From modest beginnings it has become one of the biggest literary festivals on earth. This year the roster of big names talking about their work includes Michael Ondaatje, Tom Stoppard, Richard Dawkins, Annie Proulx, Hari Kunzru, Shashi Tharoor and William Dalrymple, the festival's co-director.
But this week India's Jaipur Literature Festival became more famous for something that was not happening: the appearance of Sir Salman Rushdie.
Yesterday morning it was still being reported that the Indian-born Booker Prize-winning novelist would attend, but within hours that all changed. He tweeted: "V sad not to be at Jaipur. I was told Bombay mafia don issued weapons to 2 hitmen to 'eliminate' me. Will do video link instead. Damn."
The volte-face came at the end of a stand-off between the Midnight's Children novelist, tweeting hectically, and an Islamic seminary called Darul Uloom Deoband, which revived 20-year-old memories of the Satanic Verses row to demand that he not be allowed into India.
There was something fake about the demand: Rushdie holds a passport that permits him visa-free travel to India. After breaking the ice a decade ago, he is believed to have visited several times in recent years. At the festival he was scheduled to talk about Midnight's Children; his most controversial book, the one which provoked Ayatollah Khomeini's fatwa, was not going to be mentioned.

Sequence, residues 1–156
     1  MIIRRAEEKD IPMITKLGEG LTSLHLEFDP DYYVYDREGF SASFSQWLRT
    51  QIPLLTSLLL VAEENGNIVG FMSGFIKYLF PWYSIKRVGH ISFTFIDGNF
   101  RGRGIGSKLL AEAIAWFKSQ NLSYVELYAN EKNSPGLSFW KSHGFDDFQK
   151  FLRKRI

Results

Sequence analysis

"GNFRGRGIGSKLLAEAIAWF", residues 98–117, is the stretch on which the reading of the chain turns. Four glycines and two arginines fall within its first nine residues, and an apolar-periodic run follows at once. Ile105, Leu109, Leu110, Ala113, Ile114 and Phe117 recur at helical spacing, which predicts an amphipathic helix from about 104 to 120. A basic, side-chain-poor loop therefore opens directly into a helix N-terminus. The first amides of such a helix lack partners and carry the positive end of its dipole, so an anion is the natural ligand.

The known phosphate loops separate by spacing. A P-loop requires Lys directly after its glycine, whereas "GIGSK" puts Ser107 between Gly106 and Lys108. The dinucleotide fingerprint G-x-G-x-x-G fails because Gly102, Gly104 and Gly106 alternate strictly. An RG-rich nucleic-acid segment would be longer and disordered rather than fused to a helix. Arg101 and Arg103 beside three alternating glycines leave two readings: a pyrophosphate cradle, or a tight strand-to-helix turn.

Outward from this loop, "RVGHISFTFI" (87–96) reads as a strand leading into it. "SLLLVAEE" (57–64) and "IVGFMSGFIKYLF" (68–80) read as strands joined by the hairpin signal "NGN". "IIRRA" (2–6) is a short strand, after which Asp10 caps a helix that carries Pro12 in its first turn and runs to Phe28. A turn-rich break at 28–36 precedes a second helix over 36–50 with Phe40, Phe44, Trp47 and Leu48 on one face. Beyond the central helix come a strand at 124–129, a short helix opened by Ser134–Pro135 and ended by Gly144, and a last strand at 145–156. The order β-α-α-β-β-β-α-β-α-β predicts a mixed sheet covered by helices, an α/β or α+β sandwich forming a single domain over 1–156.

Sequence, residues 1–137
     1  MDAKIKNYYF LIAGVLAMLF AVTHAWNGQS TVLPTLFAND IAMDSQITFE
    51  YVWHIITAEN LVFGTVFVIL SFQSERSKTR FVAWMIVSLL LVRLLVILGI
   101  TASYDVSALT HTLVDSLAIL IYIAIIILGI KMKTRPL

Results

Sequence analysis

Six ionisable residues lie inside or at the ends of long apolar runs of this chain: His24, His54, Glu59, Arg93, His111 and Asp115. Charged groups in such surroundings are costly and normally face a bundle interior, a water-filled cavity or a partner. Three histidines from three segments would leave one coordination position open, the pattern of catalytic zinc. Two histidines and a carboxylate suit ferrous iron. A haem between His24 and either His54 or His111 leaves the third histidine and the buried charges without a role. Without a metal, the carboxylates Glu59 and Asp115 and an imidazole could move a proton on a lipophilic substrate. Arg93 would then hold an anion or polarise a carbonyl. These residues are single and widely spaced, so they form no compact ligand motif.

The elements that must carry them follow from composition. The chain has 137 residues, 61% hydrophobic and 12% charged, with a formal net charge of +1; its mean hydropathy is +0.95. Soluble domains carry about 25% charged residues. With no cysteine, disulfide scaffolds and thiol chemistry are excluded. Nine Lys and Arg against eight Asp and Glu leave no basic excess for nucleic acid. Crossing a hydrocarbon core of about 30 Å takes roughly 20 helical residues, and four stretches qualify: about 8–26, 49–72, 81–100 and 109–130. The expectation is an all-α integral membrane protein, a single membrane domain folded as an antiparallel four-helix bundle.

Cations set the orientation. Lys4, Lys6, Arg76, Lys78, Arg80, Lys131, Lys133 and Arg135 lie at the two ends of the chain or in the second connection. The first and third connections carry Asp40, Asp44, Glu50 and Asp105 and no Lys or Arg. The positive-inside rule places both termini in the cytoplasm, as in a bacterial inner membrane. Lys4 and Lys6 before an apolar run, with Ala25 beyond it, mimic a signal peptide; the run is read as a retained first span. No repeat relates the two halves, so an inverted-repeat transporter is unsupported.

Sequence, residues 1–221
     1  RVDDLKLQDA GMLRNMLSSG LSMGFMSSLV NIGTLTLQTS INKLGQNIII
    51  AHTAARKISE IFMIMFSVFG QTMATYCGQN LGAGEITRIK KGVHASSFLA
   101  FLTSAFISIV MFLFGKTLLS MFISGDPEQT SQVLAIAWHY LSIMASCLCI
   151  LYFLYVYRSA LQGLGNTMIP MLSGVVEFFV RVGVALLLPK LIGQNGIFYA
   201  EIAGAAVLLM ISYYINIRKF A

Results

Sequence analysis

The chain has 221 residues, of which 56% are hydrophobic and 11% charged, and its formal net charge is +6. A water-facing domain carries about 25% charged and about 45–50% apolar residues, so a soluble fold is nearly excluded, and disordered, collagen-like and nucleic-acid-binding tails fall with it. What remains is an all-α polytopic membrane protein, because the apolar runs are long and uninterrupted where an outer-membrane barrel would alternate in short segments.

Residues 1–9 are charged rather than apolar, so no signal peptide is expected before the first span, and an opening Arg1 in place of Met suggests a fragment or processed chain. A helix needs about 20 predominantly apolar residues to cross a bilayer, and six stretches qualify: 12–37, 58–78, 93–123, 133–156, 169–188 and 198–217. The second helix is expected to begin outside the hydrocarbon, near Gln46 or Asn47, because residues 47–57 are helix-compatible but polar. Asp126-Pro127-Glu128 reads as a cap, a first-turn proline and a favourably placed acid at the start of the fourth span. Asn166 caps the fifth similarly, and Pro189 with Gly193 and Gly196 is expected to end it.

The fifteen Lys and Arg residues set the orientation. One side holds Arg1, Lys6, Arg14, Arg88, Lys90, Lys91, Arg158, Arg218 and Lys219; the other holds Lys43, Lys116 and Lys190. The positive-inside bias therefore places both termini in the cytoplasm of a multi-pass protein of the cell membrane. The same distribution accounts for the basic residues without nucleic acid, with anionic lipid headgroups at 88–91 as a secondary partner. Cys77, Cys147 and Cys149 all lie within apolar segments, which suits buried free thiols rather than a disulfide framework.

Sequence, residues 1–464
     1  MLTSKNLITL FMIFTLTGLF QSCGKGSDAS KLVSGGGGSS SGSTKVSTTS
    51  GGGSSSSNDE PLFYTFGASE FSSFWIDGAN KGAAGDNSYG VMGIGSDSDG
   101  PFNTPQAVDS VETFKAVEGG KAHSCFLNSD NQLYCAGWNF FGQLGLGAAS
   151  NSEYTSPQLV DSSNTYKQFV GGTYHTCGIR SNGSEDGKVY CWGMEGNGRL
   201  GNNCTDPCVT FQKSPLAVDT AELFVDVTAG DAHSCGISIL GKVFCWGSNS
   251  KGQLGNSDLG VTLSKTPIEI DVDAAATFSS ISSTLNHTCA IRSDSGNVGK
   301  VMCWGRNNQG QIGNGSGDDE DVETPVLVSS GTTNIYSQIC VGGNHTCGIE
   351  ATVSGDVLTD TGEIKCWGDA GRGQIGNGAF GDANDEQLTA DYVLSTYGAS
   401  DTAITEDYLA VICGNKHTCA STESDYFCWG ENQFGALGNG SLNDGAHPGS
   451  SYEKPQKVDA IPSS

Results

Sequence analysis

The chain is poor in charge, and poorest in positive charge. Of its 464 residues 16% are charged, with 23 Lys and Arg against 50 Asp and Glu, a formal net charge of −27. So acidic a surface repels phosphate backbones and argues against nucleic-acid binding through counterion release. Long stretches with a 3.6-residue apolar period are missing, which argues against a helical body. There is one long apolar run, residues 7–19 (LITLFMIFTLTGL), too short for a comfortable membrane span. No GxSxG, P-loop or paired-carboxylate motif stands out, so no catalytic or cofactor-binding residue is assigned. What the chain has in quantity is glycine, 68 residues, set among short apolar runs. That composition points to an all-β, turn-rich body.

The festival directors' misfortune was that this week sees crucial elections in Uttar Pradesh, India's most populous state, which has a large Muslim minority and which the Congress Party is desperate to hold on to.
It is not clear why the Darul Uloom Deoband decided to make an issue of Rushdie's presence this year: he spoke at the festival in 2007 and they made no comment on it. But, with the elections pending, his presence became a political weapon for Congress's opponents. For Congress to defend Rushdie's visit would enable its opponents to portray the party as anti-Muslim, with potentially disastrous electoral consequences.
A bold state governor would have insisted that Rushdie must come, and would be protected. Instead no such assurance was forthcoming; a new fatwa was proposed – a payment of 100,000 rupees for anyone who threw a slipper at the author; assassination rumours floated and Rushdie pulled out.
Last night three novelists at the festival, Amitava Kumar, Hari Kunzru and Ruchir Joshi, ended their scheduled programme with an impromptu reading from The Satanic Verses to protest at the shabby treatment Rushdie had received. The audience applauded loudly.